History of plant tissue and cell culture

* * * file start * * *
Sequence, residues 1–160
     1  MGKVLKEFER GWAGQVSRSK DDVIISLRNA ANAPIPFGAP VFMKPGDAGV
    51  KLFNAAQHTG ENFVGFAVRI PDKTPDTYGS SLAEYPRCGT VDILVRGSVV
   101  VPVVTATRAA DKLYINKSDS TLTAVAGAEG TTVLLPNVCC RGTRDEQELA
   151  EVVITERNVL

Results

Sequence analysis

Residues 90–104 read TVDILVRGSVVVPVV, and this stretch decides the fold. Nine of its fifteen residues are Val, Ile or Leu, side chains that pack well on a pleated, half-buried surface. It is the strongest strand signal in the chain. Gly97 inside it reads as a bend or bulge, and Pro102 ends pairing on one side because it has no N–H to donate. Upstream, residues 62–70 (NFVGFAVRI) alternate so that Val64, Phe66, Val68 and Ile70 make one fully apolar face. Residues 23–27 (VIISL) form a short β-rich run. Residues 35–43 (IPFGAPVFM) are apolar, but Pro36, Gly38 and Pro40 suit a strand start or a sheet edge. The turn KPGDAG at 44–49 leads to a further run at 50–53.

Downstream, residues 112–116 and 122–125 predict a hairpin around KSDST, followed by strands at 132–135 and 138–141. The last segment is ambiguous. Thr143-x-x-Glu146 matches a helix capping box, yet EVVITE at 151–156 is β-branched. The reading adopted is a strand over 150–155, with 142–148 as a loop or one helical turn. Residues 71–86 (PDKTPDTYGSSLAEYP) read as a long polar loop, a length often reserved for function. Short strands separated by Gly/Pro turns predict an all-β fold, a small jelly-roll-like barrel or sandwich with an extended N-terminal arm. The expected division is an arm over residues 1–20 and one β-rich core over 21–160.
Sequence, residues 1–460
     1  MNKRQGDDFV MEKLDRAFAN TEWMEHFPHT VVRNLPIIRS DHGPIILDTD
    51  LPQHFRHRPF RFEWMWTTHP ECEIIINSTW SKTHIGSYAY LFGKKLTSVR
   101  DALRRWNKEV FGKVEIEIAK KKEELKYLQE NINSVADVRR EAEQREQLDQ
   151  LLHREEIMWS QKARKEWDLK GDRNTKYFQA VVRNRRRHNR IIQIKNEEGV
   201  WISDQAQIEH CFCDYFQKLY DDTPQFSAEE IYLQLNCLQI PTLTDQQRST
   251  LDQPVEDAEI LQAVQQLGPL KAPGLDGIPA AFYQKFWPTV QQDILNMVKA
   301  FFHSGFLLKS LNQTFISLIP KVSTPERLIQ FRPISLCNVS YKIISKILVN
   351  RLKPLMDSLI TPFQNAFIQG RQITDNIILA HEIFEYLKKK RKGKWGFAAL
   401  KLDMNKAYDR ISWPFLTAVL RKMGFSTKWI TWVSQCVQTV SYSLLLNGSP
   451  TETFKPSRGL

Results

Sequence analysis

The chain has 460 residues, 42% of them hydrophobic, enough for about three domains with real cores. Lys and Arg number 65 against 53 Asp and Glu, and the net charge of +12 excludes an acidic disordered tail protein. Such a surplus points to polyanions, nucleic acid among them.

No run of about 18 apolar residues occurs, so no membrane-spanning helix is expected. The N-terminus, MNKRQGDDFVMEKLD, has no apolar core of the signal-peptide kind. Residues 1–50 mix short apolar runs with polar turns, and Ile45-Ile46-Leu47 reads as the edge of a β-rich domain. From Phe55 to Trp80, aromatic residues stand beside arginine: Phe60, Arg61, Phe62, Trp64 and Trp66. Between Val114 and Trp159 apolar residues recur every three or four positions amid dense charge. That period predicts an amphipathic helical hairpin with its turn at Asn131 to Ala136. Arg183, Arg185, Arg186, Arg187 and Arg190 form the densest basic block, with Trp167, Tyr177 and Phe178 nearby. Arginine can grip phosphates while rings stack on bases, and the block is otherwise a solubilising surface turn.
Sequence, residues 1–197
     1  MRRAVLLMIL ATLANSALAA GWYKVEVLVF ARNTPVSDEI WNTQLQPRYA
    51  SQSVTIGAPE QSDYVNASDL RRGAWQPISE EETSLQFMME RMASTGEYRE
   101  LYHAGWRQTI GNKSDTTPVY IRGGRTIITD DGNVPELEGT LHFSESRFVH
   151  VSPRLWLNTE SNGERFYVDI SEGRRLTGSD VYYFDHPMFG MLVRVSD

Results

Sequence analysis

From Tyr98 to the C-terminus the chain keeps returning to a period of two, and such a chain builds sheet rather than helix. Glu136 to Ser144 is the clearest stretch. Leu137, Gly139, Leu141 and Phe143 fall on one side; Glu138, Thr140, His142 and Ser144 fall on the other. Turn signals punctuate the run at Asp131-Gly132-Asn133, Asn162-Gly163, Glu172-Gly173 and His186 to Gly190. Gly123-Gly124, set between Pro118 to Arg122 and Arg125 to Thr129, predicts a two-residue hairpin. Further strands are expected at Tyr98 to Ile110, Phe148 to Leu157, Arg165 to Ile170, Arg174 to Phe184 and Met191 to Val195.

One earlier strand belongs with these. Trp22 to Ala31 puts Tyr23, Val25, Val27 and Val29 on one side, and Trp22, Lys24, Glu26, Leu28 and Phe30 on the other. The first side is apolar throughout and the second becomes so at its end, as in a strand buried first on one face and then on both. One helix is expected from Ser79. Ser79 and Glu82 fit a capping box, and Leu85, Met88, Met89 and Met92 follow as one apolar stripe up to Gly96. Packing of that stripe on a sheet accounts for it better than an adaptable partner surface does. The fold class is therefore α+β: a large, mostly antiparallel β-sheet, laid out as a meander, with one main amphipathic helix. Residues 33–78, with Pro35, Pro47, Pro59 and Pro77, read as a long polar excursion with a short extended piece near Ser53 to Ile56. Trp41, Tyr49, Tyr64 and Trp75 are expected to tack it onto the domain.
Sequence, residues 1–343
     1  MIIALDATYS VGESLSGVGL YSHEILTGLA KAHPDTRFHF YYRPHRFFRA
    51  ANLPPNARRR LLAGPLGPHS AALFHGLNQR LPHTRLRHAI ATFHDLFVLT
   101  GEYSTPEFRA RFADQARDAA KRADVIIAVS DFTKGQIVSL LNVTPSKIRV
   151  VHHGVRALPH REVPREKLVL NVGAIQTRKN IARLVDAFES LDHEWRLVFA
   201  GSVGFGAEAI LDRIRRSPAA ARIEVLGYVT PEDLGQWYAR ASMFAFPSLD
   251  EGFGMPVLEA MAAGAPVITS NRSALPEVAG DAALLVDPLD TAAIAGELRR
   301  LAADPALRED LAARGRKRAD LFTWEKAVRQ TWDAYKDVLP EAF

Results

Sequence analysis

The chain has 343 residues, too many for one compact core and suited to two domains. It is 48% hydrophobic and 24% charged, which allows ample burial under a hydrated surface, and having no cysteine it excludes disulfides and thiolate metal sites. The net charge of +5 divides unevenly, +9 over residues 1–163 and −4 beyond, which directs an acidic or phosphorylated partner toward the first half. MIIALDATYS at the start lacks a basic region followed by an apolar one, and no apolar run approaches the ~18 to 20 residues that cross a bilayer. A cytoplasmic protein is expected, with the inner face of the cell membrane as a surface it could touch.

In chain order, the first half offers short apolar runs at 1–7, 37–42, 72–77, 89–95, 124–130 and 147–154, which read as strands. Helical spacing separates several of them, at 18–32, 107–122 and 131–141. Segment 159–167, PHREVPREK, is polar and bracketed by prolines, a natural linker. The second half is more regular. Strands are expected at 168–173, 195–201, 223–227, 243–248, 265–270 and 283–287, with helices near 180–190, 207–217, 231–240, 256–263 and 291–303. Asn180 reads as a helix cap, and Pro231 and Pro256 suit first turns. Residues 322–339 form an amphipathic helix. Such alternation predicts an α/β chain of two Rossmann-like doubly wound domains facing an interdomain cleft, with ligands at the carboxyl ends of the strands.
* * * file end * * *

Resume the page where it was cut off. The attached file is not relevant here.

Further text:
Plant tissue culture along with molecular genetics is a core technology for genetic engineering. This chapter discusses how the greatly anticipated societal benefits of this technology have been modulated by a good deal of concern regarding its safety. The first successful plant tissue and cell culture was accomplished by Gottlieb Haberlandt near the turn of the twentieth century when he reported the culture of leaf mesophyll tissue and hair cells. Innovative plant tissue culture techniques progressed rapidly during the 1930s due to the discovery that B vitamins and natural auxin were necessary for the growth of isolated tissues containing meristems. After 1950, rapid progress was made in plant tissue culture techniques. Also, much advancement was accomplished in the knowledge of plant development, especially in the area of the effects of plant growth regulators (PGRs). While intensive studies on the in vivo and in vitro effects of auxins continued, other classes of PGRs were now recognized.